Irish rugby. . . and Irish rugby

Author: Rasmus Jorgensen

By Notre Dame standards, rugby is not a major sport. It’s a club sport, as opposed to varsity, which means it falls under the administrative umbrella of RecSports rather than Athletics. Justin Hickey, the men’s head coach and director of the men’s and women’s programs, is Notre Dame rugby’s only full-time employee.


Mc 3Notre Dame's club rugby team is about to get a boost from their pro counterparts in Ireland. Photo by Matt Cashore '94

But big things are happening through the club’s relationship with the Irish Rugby Football Union (IRFU), home of what is currently the world’s second best men’s national team.


In 1968, Notre Dame rugby made the University’s first athletic trip of any kind to Ireland. The team played five games and the tour gave several players a chance to get to know the home of their ancestors. Today, Notre Dame rugby and the IRFU, which organizes domestic tournaments in Ireland and sponsors the national teams, have a partnership designed to elevate both Notre Dame’s level of play and Irish rugby’s profile in the United States. Hickey traveled to Ireland last year to work with the national teams and encountered a culture devoted to the sport.


“They’re able to help provide a level of knowledge, a level of expertise around rugby that is almost incomparable here in the United States,” he says, “whether that’s on-field coaching knowledge or sports-science knowledge behind the scenes, like nutrition, stats and performance.”


For the IRFU, working with one of America’s premier collegiate athletics brands and symbols of Irish America offers a commercial boost. With more than 30 million Irish-Americans in the U.S., more than five times the population of Ireland itself, the Notre Dame connection offers Irish rugby a huge potential fan base.


“It certainly opens up avenues that wouldn’t normally be available to us,” says Joe Lydon, a former professional rugby player from England who now leads the IRFU’s international talent identification and development program.


Irish rugby has made inroads into the U.S. before, such as a historic victory at Chicago’s Soldier Field in 2016 when the national team beat New Zealand for the first time in 29 matches. As a result of the relationship, Notre Dame Stadium could host such games in the future.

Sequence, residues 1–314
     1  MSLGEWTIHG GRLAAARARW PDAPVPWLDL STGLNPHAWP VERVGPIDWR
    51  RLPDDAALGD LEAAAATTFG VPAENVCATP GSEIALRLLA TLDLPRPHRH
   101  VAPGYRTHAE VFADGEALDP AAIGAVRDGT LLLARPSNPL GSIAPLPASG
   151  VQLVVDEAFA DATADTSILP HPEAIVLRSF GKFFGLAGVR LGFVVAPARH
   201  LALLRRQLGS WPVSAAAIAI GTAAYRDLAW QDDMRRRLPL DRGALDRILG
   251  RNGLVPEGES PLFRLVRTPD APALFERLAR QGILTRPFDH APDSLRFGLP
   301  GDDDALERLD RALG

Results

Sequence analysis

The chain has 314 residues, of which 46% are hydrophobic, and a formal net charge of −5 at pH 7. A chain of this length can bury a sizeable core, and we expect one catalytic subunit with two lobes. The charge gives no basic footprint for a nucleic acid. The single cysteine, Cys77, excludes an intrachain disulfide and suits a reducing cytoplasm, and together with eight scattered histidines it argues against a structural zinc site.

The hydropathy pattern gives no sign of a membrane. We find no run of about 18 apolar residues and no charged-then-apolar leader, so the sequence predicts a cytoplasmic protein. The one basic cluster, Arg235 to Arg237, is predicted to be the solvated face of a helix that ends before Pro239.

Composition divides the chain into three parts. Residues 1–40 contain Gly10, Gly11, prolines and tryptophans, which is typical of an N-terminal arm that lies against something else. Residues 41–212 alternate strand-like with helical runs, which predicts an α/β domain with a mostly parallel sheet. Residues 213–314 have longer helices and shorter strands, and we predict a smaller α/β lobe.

“I hope it will happen,” Lydon says.


Like Hickey, Ireland coaches have crossed the Atlantic in support of the partnership, working with the men’s and women’s teams during their three visits to campus since March 2017. Modern technology allows collaboration from afar. The IRFU codes and analyzes video footage that Notre Dame uploads after games, for example. In the two years since talks between the two programs began, such collaborations have evolved organically.


“We’ve kind of stumbled upon different ideas as we’re going through it, but at the end of it, it’s about our people,” Hickey says. “So, how do we make the experience better for our students, how do we develop our coaches and our staff and just provide a better experience and all-round well-being for the program?”


One answer: When Notre Dame rugby players study in Ireland through the University’s academic programs, they may also train and compete with the country’s best players and coaches.


“They’re around and immersed in a rugby environment in a country that, everywhere you look, it’s rugby, rugby, rugby,” Hickey says. “So they’re literally getting the highest-level rugby experience that they can get, and when they come back to us, you can see that on-field growth, but you can see the human growth as well. It’s incredibly valuable.”


Rasmus S. Jorgensen is a former intern at this magazine. Contact him at and @ReadRasmus.